I now think about how I’m speaking and I look for opportunities to exercise my voice. I get to practice every week with my mum, Peggy.  She’s 94, nearly blind, but loves to do crosswords. And because she’s nearly completely deaf I have to call out the clues in a voice that’s loud and clear enough for her to hear, without shouting. So it goes like this:  I’ll say, “Four letters beginning with D”, to which she’ll reply “C?” “No D”. “Oh P”. “No DEE!!” And so on…


The key question I suppose is does it work? It certainly did for me – my voice is stronger and I’m more confident now and, crucially, more aware when my voice is slipping. Most importantly of all Sara, my ever-loving wife, says she no longer struggles to hear me – unless I’m saying something she doesn’t want to hear.


Five years on…


As I write this, I am some five-and-a-half years on from that fateful visit to the doctors: ten years since I first suspected something was wrong. After the doctor came the consultant. And here was a stroke of luck: the doctor referred me to Guys Hospital in London. I have heard some sad tales about Parkinson’s patients’ experiences with the NHS. But my consultant, Thomasin, and the specialist nurses have been nothing but brilliant: knowledgeable, attentive and, crucially, available. I have, on several occasions, emailed them between appointments and got quick replies. “Don’t suffer symptoms,” is my consultant’s mantra: “Any problems let us know”. If I had to rank my consultant out of 100 I’d give her 99. Why not 100? She hasn’t listened to Movers and Shakers [I know – a serious transgression]. We – my wife and I - try to make use of the hospital visits. Each one is accompanied by a slap-up meal. We use the date of the first consultant’s appointment as an anniversary: we make sure we are away on that date each year.

 

The good, the bad and the cliche


So where have we got to? I’m definitely getting slower – physically and cognitively - and I find planning and logistics peculiarly tricky sometimes. I can’t walk as far as I used to – a real nuisance – and I have a raft of lesser symptoms [constipation, anyone?]. But had you said to me five years ago that this is where I’d be five years on, I’d have torn your hand off. My most disabling symptom is fatigue, but the truth is, I’m feeling pretty good. The component parts of that feeling? There’s the meds of course [for the cognoscenti: co-careldopa four times a day and a Rotigotine patch]. There’s tennis, once a week and preferably twice [choose a partner who’s not too much better than you]. To stretch the noggin, I spend a few minutes each day [okay, sometimes a bit more] doing crosswords [the Guardian], chess puzzles [chess.com] and Wordle [New York Times]. I see a personal trainer once a week [Annette, the gorgeous sadist]. And then there’s sleep. I tend to regard my daytime nap as a secret weapon. When I’m at home I get 45 minutes sleep between 1630 and 1800. This, to me, is like medicine and sets me up for the evening [no, it doesn’t affect my night-time sleep]. Finally, of course, be upstanding for the captain of my ship, the ever–loving Sara, ably supported by three wonderful kids. Having Parkinson’s is enough, but being married to someone with Parkinson’s requires deep reserves of patience, good humour and diplomacy. Luckily for me, my wife has those in abundance.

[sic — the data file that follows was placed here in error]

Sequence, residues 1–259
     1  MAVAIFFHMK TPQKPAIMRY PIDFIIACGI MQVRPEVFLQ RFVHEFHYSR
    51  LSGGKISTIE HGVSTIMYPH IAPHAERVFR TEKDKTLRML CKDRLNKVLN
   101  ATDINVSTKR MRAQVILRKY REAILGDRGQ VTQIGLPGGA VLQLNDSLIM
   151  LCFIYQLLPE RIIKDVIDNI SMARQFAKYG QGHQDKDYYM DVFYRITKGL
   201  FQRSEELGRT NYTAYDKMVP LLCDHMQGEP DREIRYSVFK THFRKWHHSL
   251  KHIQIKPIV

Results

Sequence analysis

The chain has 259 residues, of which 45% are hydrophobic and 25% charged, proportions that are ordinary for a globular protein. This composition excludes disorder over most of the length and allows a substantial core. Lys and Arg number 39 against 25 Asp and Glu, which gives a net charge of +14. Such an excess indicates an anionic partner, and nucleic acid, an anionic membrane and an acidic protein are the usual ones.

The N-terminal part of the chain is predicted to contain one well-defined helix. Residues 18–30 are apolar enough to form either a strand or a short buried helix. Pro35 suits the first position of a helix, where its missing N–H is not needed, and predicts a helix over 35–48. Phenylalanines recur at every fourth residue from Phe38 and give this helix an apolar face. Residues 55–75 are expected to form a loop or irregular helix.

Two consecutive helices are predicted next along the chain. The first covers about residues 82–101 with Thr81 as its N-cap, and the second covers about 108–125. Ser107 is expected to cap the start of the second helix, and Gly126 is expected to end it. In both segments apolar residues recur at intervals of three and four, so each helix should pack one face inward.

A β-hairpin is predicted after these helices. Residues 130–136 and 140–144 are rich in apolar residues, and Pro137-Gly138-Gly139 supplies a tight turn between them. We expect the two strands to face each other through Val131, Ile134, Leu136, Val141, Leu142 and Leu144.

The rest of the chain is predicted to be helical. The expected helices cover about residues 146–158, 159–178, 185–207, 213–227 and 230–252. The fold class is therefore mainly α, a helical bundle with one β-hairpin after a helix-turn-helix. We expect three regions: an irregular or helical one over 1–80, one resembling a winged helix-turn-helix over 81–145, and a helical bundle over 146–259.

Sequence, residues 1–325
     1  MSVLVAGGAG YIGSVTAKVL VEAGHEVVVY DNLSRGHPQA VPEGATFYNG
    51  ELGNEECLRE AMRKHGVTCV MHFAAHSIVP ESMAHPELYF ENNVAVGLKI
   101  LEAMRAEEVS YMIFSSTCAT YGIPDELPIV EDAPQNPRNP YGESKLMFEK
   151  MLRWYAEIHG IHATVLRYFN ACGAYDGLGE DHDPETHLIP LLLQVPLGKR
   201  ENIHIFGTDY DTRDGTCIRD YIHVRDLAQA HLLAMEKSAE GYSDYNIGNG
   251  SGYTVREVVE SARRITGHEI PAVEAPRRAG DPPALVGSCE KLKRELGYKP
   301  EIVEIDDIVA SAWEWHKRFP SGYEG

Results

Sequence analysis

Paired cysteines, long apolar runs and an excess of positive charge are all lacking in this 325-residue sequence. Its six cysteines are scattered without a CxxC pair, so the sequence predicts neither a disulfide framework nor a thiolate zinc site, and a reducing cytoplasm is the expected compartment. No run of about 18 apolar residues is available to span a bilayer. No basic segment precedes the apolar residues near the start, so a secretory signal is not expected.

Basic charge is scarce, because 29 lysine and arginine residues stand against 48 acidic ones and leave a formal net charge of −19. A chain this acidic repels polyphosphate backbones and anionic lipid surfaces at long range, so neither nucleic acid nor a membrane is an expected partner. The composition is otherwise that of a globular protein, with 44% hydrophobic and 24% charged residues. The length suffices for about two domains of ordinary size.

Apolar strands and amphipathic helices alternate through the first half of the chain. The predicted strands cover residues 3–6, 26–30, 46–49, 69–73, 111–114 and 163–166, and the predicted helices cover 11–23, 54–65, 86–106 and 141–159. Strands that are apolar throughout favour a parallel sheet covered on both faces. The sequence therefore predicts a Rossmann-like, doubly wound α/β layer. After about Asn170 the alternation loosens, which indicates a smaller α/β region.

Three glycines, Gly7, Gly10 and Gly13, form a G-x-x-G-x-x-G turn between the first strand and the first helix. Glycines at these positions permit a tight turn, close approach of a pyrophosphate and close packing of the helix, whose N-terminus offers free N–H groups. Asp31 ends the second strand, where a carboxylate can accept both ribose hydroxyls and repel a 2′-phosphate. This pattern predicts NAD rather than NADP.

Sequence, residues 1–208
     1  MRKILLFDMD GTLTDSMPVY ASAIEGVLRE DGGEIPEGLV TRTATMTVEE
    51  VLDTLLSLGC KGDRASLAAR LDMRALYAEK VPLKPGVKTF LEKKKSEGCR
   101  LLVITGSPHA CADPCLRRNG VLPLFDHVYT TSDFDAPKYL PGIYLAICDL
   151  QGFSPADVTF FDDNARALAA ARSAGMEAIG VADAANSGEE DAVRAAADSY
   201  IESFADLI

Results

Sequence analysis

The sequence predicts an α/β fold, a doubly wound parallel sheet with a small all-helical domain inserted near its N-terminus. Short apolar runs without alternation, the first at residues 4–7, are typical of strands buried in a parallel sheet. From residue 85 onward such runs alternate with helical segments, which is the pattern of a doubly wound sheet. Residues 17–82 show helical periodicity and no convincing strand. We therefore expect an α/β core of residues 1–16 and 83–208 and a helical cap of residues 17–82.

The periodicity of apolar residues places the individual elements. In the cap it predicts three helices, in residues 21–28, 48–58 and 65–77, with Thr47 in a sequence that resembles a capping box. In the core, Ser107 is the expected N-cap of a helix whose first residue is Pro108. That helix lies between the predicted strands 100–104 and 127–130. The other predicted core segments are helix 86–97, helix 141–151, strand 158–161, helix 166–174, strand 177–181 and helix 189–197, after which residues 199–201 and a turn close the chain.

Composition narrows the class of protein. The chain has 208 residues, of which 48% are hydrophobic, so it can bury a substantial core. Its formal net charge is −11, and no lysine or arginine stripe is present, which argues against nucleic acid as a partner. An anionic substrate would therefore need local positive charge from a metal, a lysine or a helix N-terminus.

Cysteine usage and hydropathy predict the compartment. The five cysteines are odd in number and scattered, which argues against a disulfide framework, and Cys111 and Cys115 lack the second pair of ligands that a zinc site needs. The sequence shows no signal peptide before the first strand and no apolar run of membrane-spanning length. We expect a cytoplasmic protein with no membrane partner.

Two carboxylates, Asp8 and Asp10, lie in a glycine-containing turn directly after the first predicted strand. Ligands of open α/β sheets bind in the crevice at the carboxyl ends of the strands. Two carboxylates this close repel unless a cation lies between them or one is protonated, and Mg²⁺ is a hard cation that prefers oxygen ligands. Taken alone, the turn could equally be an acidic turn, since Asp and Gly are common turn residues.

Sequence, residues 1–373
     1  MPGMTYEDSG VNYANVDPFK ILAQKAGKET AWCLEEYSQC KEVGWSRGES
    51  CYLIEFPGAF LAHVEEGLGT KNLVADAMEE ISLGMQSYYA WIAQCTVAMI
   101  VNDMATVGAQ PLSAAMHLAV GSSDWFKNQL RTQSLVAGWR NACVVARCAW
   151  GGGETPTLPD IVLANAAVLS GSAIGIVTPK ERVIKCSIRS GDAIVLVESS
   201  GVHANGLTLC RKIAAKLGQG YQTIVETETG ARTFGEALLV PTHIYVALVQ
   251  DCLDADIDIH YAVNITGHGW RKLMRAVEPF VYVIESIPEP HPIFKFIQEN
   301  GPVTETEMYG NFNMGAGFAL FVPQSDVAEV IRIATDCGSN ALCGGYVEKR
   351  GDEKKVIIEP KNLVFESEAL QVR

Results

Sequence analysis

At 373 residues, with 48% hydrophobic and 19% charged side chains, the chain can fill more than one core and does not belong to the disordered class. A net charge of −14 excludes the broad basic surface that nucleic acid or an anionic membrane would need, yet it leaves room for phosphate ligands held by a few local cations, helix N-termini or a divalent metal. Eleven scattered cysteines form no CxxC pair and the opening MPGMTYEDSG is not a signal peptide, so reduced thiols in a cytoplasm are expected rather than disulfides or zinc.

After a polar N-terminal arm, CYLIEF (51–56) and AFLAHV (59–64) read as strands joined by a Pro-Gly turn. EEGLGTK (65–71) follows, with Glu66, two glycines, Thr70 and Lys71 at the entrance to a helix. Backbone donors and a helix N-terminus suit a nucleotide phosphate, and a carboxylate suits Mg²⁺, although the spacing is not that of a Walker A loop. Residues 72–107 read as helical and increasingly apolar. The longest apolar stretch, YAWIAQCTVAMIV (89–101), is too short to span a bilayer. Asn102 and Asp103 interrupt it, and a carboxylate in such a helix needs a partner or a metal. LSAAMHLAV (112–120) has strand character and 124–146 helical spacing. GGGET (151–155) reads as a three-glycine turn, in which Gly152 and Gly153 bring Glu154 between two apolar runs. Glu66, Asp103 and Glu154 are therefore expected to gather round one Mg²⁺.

Parkinson’s affects different people in different ways and at different speeds and I’d be interested to know what strategies others have deployed to keep it at bay. But if I were asked to nominate one thing that will make a qualitative difference to those in the early years it would be to sign up to PD Warriors and do the 10-week challenge. I did it and I ended up fitter than I’d been before I had Parkinson’s. I urge you to give in a try.


And so we carry on. We sit back and allow the truisms and well-meaning platitudes wash over us [“It just goes to show – you must live life while you can”]. Life is full of clichés as we embark on the rest of our journey. And the cliché that drives me most mad? The use of the word ‘journey’. Good luck.


Read more about the episode on Voice here.